The other twist: you have Energy Points. You can spend Energy Points to get bonus dice to your Dice Pool on a 1-to-1 basis, but you have to spend them before you roll, and you can't use this for Saeia (ie, magic). You can also use them to perform Transcendences, of which there are four - but most of them relate to the initative system, which I'm going to have to leave until later because it doesn't make any freaking sense at all. Still, the Transcendences are:
An Alpha Transcendence costs 2 energy and lets you act twice in the same Turn provided the two actions you do are of different types.
A Beta Transcendence costs 4 energy and lets you act twice in the same Turn without restrictions.
A Gamma Transcendence costs 2 energy and lets you act immediately, bringing your place in the Turn order forward to do so.
A Delta Transcendence costs 2 energy lets you shoot frickin' spirit lasers .
No, seriously. The Delta Transcendence "allows Characters to create an Energy Attack that is manifested from their body and directed through thin air toward their target". It's fired like a projectile and does damage based on your spiritual stats (we'll get to them). Why on earth this is in the same list as the others I have no idea.
Finally, the Omega Transcendence is a roll-your-own Transcendence. You pick a type of action it represents, and then pick a number of enhancements to add to it, from the following list:
1 cost +2 damage rating (stacks) 1 cost Heal 2 hit points (stacks) 2 cost Toughness +1 for the rest of the fight (stacks) Saeia Cost Induce a Status Anomaly with the same Saeia cost 2 cost Distinguish friend from foe and exclude friends from area attacks 1/2/3/4/5 Area of 3/6/12/24/50 square meters 2 cost -1 STM (stacks) 1 cost Double range 2 cost Quad range 4 cost Double pool for Dodging 4 cost Double pool for Barriers 3 cost Half duration of inflicted Status Anomaly 6 cost Cancel inflicted Status Anomaly 1 cost Do Elemental damage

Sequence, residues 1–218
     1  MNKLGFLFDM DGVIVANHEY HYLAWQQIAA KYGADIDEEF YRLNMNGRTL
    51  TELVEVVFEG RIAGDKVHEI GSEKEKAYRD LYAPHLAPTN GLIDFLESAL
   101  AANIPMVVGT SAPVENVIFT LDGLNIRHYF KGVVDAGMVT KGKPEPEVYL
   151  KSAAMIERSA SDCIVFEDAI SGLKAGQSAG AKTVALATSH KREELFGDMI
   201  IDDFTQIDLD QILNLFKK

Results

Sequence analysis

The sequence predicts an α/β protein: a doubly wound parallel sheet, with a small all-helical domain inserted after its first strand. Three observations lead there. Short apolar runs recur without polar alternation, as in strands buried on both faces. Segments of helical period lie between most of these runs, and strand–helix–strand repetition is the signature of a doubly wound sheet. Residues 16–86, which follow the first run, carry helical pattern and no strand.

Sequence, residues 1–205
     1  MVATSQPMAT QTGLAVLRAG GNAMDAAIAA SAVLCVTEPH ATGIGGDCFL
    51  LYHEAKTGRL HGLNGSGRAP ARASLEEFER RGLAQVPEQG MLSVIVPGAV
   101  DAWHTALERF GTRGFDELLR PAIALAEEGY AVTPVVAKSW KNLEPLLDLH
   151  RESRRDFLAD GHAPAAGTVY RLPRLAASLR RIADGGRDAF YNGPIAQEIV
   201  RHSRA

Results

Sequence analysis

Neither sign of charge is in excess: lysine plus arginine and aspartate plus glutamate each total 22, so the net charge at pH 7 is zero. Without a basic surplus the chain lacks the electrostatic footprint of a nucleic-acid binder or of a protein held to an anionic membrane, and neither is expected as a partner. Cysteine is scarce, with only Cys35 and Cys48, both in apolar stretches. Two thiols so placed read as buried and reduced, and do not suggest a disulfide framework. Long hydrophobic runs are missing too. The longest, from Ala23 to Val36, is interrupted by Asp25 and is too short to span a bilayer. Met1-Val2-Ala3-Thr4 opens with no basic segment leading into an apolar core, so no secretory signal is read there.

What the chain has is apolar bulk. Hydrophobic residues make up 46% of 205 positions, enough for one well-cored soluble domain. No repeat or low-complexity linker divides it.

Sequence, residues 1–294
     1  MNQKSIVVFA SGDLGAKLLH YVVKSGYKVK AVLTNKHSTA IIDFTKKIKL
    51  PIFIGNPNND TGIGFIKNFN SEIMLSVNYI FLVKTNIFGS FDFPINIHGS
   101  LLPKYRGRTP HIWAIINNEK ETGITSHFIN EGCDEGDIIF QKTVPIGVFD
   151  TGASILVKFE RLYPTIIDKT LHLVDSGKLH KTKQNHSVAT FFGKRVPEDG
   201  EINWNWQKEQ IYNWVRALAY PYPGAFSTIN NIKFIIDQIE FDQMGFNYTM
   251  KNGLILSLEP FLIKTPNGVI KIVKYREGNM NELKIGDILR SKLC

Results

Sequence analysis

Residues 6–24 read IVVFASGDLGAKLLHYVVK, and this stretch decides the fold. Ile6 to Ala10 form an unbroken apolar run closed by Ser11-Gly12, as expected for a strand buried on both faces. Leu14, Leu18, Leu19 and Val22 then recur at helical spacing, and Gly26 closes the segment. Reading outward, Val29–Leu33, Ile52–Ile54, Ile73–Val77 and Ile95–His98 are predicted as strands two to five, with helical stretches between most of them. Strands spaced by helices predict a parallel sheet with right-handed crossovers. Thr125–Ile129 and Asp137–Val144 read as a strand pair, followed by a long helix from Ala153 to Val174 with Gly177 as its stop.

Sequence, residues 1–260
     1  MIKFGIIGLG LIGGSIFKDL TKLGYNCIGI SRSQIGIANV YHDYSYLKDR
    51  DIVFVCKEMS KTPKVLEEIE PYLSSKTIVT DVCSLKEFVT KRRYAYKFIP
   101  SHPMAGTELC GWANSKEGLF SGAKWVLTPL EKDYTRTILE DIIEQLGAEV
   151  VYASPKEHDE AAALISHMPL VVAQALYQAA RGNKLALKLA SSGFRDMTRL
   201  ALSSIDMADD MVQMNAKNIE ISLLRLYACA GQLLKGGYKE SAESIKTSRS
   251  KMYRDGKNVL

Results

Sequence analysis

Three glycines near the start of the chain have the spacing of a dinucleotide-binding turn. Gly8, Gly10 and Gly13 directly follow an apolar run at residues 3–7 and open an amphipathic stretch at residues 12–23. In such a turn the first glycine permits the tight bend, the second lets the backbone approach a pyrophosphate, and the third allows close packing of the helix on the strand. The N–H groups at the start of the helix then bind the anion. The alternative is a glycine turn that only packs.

Anyway, the "cost" above is both the energy cost to activate the Transcendence and the number of successes you need to roll to get it to work. See, you have to roll twice to use an Omega Transcendence, with the dice roll based on the type of action it is. The first time is against the Transcendence's cost, to get the Transcendence to work, and the second time is the actual action roll with all the bonuses the Transcendence provides. Also, if you succeed at activating a Transcendence you only pay 1 energy, no matter what the cost was. No answer is given as to whether you can try a Transcendence when you have 1 energy left but less than the standard cost, because you believe (or possibly even know for certain) that you'll succeed.
So, interesting system, but it sends my alarm bells ringing for something potentially broken or at least not thought out properly. Like that "Double Dodge Dice Pool" one - sounds good until you remember you have to roll 4 successes on an unimproved Dodge in order to get the Transcendence to work in the first place. By the time that's likely to happen you probably don't need a Transcendence to improve dodging.
Ok, we'll get back to systems later on, but let's talk a bit about some Character Generation. There's a whole bunch of splats to choose from in order to start making your character, and the first one of those determines which of the three potential character sheets you use. That said, nothing much changes between the three sheets other than some of the artwork and the contents of one particular gauge.
So, the three character types are the Sil , the Xylen , and the Kalei . The character sheet that's been going around the Internet is for a Sil, so let's do them first.
Sil were the first creatures born from the Eos Waves and are free-willed spirits. They want to stop the Great Spirit from wanting to die. Like almost all the splats, they have a really random selection of powers, namely: